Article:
At a time when Manhattan luxury condos can cost tens of millions of dollars, residential high-rise buildings made of glass have become symbols of gargantuan excess and privilege. But the history of vertical living goes far back in time and extends around the globe – from the biblical Tower of Babel, to Arizona cliff dwellings to the Soviet Khrushchyovka towers.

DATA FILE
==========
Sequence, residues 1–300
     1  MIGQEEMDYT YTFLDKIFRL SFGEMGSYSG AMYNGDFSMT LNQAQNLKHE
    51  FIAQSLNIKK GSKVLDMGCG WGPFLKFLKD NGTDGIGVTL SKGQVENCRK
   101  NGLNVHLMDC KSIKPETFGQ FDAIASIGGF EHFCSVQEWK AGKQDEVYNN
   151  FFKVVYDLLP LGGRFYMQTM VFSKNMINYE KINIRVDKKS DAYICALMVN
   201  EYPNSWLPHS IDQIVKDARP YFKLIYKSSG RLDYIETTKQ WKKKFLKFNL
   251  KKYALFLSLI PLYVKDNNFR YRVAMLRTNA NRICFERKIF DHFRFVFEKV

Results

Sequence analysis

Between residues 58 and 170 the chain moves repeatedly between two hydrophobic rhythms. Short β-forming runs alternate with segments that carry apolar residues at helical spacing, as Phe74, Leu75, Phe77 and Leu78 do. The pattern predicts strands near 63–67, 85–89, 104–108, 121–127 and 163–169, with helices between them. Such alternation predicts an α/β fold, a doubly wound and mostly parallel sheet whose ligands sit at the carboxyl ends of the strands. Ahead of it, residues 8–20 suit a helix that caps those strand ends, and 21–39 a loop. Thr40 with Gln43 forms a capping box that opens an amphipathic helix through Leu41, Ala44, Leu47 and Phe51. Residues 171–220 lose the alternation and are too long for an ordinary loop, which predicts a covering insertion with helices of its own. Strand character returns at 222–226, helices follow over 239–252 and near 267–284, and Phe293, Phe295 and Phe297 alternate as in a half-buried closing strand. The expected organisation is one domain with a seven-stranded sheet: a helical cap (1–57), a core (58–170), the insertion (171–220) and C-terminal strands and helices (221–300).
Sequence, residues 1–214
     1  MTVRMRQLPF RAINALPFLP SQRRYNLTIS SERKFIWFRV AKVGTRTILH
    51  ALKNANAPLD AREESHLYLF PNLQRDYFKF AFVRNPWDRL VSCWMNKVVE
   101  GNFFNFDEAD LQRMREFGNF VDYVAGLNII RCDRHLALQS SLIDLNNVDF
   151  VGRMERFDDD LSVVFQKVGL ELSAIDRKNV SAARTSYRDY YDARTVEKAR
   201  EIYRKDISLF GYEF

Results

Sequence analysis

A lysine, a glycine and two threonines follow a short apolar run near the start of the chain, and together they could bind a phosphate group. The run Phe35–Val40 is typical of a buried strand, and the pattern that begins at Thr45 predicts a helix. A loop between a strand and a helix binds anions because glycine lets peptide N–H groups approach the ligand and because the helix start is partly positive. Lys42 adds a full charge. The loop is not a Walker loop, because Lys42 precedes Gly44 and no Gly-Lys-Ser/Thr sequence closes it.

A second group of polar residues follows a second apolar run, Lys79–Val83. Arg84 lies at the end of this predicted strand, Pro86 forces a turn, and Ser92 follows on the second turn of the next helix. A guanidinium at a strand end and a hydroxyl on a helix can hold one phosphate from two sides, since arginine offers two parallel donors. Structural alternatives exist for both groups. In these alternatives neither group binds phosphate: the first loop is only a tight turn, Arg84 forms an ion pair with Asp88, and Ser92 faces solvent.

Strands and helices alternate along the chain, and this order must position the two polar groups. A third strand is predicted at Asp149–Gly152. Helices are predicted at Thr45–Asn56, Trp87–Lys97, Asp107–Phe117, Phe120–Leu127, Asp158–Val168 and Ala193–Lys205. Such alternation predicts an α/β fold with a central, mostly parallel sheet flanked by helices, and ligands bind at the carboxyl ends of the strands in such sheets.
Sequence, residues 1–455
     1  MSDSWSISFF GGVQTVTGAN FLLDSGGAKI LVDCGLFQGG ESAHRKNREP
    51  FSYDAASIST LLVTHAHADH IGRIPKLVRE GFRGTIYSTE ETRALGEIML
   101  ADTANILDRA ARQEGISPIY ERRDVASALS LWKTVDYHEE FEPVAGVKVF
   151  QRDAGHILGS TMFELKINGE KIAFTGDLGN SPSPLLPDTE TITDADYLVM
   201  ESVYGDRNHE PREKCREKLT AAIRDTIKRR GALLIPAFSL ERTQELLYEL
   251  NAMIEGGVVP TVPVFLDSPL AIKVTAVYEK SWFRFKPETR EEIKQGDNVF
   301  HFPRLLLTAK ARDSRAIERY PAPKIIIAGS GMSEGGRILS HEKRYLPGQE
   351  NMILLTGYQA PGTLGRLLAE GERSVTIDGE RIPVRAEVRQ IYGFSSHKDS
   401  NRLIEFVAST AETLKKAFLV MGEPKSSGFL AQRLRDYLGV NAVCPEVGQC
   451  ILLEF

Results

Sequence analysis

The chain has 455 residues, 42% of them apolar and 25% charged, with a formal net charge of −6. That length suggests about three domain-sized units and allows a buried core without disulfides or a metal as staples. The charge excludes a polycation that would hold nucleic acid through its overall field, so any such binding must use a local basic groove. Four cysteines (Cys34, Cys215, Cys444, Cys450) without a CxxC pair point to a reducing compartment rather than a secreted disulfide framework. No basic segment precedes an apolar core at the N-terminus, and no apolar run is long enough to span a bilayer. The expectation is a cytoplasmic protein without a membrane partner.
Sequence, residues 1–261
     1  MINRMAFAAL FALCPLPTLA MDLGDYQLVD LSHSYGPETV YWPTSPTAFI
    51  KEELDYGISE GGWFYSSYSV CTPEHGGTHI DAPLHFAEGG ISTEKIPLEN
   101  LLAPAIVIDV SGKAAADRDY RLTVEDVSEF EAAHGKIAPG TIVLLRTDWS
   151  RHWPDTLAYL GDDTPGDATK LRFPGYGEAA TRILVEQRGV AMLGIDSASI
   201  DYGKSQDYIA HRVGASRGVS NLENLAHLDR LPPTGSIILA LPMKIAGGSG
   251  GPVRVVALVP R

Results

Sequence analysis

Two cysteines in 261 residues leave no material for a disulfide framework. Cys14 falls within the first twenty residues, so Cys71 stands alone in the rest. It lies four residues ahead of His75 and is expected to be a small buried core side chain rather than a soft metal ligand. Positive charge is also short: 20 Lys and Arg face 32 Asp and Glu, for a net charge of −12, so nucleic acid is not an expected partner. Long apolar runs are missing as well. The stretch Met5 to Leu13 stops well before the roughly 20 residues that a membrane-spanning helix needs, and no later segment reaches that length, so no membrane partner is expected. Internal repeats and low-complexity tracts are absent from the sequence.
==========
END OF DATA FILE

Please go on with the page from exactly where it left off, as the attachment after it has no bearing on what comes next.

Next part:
In the last century, the high-rise (a common contemporary word for buildings 12 or more stories high) became a common tool, made of concrete, to counter urban sprawl and social inequality. New York played a crucial role in the evolution of this global phenomenon. And as the world’s cities have grown, the residential high-rise has become a social and political barometer of urbanization’s successes and failures. We’ve paid surprisingly little attention to this part of the urban fabric.